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Assume just for sake of simplicity that $R = k[x_1 , \dots , x_n]$ is a standard graded polynomial ring over a field. If one considers the ideal $$I = \left({x}_{1}{x}_{3},{x}_{2}^{2},{x}_{2}{x}_{3},{x}_{3}^{2}\right)$$ and computes the minimal free resolution, the very last differential takes the form $$\begin{pmatrix} x_3 \\ 0 \\ -x_2 \\ x_1 \\ \end{pmatrix}.$$ This means that the very back differential has a "row" of $0$'s. My question is the following: is it possible to have a differential appearing in a minimal free resolution (of a cyclic module, say) with an entire row being equal to $0$ (and the row has length at least $2$).

Computationally, I have found many "near-miss" examples, where the differentials have a very long row and a single nonzero entry. It seems that I can never quite get a long row of $0$'s. Also, in the Cohen-Macaulay case this is definitely impossible since a row of $0$'s would correspond to a column of $0$'s in the minimal free resolution of the canonical module.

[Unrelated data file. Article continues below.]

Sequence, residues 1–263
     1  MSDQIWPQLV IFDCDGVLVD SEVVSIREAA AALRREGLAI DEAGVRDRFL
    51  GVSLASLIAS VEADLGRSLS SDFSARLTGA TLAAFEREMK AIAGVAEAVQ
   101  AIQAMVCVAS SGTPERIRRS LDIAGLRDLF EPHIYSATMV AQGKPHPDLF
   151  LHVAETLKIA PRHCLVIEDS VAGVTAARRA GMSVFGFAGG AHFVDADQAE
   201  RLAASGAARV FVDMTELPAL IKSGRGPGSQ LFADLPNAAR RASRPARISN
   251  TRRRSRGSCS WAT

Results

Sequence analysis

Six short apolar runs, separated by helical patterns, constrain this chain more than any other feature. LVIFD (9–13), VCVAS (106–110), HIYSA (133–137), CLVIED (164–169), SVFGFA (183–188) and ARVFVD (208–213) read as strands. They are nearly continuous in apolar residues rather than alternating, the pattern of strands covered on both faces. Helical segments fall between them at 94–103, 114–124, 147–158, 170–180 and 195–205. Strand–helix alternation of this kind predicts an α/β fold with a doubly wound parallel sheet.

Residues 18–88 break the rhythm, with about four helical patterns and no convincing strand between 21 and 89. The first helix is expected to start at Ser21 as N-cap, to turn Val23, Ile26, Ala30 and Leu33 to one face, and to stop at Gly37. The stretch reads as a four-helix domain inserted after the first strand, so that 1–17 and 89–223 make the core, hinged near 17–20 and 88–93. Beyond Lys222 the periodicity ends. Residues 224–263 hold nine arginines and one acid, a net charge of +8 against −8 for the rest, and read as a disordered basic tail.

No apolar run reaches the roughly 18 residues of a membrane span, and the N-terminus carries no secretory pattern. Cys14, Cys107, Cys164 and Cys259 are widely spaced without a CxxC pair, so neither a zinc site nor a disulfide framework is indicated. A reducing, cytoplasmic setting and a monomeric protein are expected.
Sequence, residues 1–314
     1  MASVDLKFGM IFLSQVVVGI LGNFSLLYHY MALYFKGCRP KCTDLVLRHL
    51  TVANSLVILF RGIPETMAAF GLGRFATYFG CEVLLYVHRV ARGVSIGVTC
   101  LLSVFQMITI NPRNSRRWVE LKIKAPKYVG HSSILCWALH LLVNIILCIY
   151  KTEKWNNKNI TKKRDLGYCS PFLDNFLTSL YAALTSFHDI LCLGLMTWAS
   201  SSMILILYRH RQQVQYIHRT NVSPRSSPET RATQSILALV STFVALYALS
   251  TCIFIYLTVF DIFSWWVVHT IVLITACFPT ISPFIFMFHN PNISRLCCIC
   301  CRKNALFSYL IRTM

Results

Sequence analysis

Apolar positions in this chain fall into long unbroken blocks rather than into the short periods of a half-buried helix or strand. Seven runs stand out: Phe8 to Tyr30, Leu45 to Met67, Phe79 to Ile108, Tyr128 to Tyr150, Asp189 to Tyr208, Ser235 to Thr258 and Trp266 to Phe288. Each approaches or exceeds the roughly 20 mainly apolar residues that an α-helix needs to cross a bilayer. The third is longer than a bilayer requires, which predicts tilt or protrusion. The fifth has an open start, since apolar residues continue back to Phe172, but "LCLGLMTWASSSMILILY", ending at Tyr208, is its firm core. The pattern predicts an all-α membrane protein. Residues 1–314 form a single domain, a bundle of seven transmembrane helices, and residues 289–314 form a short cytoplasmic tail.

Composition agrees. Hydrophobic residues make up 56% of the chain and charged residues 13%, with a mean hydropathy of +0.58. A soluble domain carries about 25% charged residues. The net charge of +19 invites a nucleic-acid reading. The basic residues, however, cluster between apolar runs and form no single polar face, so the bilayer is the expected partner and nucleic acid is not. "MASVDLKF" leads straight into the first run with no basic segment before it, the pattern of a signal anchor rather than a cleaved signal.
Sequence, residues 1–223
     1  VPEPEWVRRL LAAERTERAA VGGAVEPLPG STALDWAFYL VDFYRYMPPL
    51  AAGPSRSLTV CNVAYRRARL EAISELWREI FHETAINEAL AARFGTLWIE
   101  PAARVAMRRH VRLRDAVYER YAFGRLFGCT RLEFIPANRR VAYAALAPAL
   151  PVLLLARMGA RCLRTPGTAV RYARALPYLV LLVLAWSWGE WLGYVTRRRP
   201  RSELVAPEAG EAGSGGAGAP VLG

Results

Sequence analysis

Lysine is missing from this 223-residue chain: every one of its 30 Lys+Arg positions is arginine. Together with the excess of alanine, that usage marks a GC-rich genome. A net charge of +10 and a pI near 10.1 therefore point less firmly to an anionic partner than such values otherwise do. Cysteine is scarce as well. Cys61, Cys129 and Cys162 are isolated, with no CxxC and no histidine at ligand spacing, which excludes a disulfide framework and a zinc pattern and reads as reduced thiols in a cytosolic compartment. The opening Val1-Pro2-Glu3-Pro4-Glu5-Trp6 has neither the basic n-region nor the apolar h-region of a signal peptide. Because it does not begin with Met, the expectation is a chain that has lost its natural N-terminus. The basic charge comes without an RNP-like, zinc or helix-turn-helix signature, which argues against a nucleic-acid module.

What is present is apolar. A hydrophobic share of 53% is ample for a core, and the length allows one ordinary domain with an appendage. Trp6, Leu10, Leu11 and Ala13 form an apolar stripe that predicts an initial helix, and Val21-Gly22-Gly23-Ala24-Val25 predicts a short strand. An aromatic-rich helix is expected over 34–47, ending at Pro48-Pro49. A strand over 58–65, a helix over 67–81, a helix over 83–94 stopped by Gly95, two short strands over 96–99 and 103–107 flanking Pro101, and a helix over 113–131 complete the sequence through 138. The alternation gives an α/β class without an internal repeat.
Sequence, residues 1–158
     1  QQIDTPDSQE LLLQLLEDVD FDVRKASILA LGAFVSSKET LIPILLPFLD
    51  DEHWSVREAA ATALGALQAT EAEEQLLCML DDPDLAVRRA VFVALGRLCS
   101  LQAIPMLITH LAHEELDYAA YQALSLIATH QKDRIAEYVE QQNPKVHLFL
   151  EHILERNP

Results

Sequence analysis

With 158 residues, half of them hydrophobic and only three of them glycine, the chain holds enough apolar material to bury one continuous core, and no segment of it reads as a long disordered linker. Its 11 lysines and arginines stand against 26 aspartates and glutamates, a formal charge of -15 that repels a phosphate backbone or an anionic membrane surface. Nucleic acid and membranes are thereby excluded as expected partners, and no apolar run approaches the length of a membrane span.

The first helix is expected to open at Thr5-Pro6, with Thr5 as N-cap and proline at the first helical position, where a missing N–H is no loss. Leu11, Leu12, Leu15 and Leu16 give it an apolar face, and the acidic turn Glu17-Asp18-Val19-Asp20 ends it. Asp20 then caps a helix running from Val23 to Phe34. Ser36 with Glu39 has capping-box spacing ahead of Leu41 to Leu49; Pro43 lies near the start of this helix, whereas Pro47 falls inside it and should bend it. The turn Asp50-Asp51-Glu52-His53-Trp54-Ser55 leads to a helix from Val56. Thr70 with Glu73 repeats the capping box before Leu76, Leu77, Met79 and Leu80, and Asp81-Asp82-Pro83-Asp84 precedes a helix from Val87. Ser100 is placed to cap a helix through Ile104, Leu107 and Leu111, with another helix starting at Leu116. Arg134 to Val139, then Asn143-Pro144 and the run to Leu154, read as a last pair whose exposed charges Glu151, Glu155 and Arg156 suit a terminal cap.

Any example (or explanation of why this cannot happen) would be greatly appreciated.

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Since I can not comment on the other's posts as commenting needs at least 50 reputation, I'm forced to release an answer. It seems that the second power, $I^2$, of your ideal $I$ has a zero row of length 4. Compute it via Macaulay2 and look at the matrix of the very last differential.

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  • $\begingroup$ This is certainly an answer to my question. The row of zeros gets even longer as one increases the powers, too, so it looks like it becomes arbitrarily long. $\endgroup$
    – Rellek
    Jun 22, 2021 at 1:16

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